It’s not often a university suggests a new research effort could potentially change the world. PSU says two of its own might.
“Both of these centers have the potential for literally changing the world, and I don’t say that casually,” said Mark McLellan, PSU’s vice president of research.
The two centers are the PSU Homelessness Research and Action Collaborative, co-led by professors in the urban planning and public health disciplines, and the PSU Digital City Testbed Center, led by a geology professor. Both centers boast at least 20 faculty members as part of a multi-disciplinary effort to use research to confront big urban problems. PSU leaders have pledged $3 million in startup funding to cover the centers’ first three years.
Marisa Zapata, associate professor of urban studies & planning, will co-direct the homelessness center. She said efforts start with an examination of homelessness among students and staff at PSU. Zapata said the center will also challenge community assumptions about the complicated issues around housing insecurity.
“We know that most people agree that homelessness is one of the most pressing issues in our country and in Portland today,” Zapata said. “However, we disagree about why homelessness exists and how to solve it.”
Zapata said the homelessness center will support PSU faculty who are involved in designing and building solutions for people who lack shelter, such as temporary villages. The center faculty will also study budget options aimed at making best use of limited public and private dollars. Zapata said some solutions are known to help, but need further vetting on the ground.
“I think we know that there are a lot of good solutions out there, but because we haven’t fully invested in them, we don’t know that they’re actually going to work,” Zapata said.
While the PSU Homelessness Research and Action Collaborative is focused on the complicated social issue of homelessness, the other center seeks to explore the many interactions between technology and urban communities.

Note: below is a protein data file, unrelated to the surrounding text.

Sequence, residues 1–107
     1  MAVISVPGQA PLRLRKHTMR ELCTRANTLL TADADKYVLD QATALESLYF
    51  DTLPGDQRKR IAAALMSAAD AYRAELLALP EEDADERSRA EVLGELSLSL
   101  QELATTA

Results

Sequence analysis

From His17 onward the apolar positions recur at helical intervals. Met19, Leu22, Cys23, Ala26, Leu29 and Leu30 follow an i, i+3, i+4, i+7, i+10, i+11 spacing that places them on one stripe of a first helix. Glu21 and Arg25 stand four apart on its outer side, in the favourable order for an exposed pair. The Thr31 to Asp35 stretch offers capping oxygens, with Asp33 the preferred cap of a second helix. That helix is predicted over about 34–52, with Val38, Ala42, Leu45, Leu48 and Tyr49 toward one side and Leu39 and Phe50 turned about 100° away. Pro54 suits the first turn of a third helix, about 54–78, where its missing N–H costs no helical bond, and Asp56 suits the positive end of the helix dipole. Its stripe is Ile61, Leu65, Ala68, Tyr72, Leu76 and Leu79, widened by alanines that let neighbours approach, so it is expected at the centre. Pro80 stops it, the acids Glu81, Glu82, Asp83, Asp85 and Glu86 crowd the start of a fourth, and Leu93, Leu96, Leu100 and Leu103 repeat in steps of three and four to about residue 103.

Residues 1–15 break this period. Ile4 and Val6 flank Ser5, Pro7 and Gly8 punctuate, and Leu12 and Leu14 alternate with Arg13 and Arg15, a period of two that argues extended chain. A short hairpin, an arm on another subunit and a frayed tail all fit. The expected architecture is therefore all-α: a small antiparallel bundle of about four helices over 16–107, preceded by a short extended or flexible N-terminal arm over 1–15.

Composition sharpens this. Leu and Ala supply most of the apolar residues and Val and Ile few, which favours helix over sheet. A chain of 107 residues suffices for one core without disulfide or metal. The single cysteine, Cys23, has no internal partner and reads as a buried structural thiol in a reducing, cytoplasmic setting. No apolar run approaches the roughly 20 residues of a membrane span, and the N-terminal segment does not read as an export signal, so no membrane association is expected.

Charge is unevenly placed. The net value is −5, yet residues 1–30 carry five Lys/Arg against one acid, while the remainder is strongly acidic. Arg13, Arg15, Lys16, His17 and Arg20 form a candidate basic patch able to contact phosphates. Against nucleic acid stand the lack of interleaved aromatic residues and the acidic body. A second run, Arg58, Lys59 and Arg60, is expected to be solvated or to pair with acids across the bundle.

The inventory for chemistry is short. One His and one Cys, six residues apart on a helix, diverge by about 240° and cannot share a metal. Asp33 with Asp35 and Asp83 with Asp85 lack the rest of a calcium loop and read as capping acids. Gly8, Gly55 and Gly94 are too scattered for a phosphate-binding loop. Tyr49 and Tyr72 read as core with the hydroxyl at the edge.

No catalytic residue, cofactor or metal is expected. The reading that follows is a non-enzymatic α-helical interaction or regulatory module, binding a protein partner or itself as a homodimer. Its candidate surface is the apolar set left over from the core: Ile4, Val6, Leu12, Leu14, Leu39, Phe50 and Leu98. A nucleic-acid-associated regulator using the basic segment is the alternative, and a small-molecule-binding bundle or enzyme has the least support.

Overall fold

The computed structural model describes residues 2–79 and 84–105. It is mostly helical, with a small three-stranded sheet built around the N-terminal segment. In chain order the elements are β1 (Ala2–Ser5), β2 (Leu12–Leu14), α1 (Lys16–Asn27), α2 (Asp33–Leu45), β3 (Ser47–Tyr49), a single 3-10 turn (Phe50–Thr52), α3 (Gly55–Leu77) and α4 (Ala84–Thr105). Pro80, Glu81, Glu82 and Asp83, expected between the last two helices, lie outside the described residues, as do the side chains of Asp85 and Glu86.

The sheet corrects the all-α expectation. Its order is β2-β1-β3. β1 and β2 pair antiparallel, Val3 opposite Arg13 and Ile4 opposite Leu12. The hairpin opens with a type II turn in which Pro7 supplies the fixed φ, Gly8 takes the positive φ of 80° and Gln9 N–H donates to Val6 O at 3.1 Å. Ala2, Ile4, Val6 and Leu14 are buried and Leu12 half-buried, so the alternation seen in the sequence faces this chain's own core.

“What we plan to do with this center is look at the issues of how technology affects cities — how it affects city operations, but also the lives of residents of cities,” said center Director Jon Fink.
Fink said technology has the potential to improve numerous aspects of urban life, but researchers have to be thoughtful about how to test out ideas.
“Do you just march into a neighborhood and say, ‘Hey folks, we’re bringing in all kinds of new gizmos and video cameras and other things and trust us, it’ll be great?’ That hasn’t worked so well in a number of areas,” Fink said.
The PSU Digital City Testbed Center will try out ideas in three urban areas: the Portland State University campus on the city’s west side, the Oregon Museum of Science and Industry in Southeast Portland, and the University of British Columbia in Vancouver, B.C.
Fink said PSU is discussing additional partnerships with Microsoft in the Seattle area, the Oregon Zoo and Intel to become future “testbeds.”
The Testbed Center will start out focusing on how technology can help with daunting city issues. Fink said the center will seek to improve how people in wheelchairs and the visually impaired navigate urban areas. Fink, as a geologist, said the center will also dig into how technology can improve a region’s resilience to earthquakes.
Much as the homelessness center intends to challenge the public’s view of an obvious city problem, Fink said the Testbed center plans to educate the public about what “smart cities” are.
PSU President Rahmat Shoureshi said the two centers were chosen out of 28 proposals from university faculty. Shoureshi said the winning proposals showed financial sustainability, but they won’t be PSU’s last such policy institutes.
“There are many future opportunities, but we want to do them right,” Shoureshi said. “Take a few, show success, show progress and move forward so there will be other centers that will come.”